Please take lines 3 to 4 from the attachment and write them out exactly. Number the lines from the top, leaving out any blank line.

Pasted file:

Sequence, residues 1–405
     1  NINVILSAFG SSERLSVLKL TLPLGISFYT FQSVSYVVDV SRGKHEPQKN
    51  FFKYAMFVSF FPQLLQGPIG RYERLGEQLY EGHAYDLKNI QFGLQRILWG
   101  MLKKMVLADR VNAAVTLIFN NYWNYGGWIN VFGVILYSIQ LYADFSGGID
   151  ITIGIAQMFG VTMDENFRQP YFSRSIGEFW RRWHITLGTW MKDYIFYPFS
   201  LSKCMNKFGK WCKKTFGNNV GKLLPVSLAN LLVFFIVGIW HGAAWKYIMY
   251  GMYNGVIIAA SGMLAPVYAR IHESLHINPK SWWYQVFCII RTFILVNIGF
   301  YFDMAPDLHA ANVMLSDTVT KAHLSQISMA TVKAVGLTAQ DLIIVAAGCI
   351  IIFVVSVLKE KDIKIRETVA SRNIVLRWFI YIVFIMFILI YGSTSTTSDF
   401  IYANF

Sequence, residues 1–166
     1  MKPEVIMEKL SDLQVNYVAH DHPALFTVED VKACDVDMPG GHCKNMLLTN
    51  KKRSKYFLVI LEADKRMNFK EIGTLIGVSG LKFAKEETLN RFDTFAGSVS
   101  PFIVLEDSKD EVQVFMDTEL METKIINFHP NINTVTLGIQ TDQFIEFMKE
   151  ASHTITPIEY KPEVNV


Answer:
    51  FFKYAMFVSF FPQLLQGPIG RYERLGEQLY EGHAYDLKNI QFGLQRILWG
   101  MLKKMVLADR VNAAVTLIFN NYWNYGGWIN VFGVILYSIQ LYADFSGGID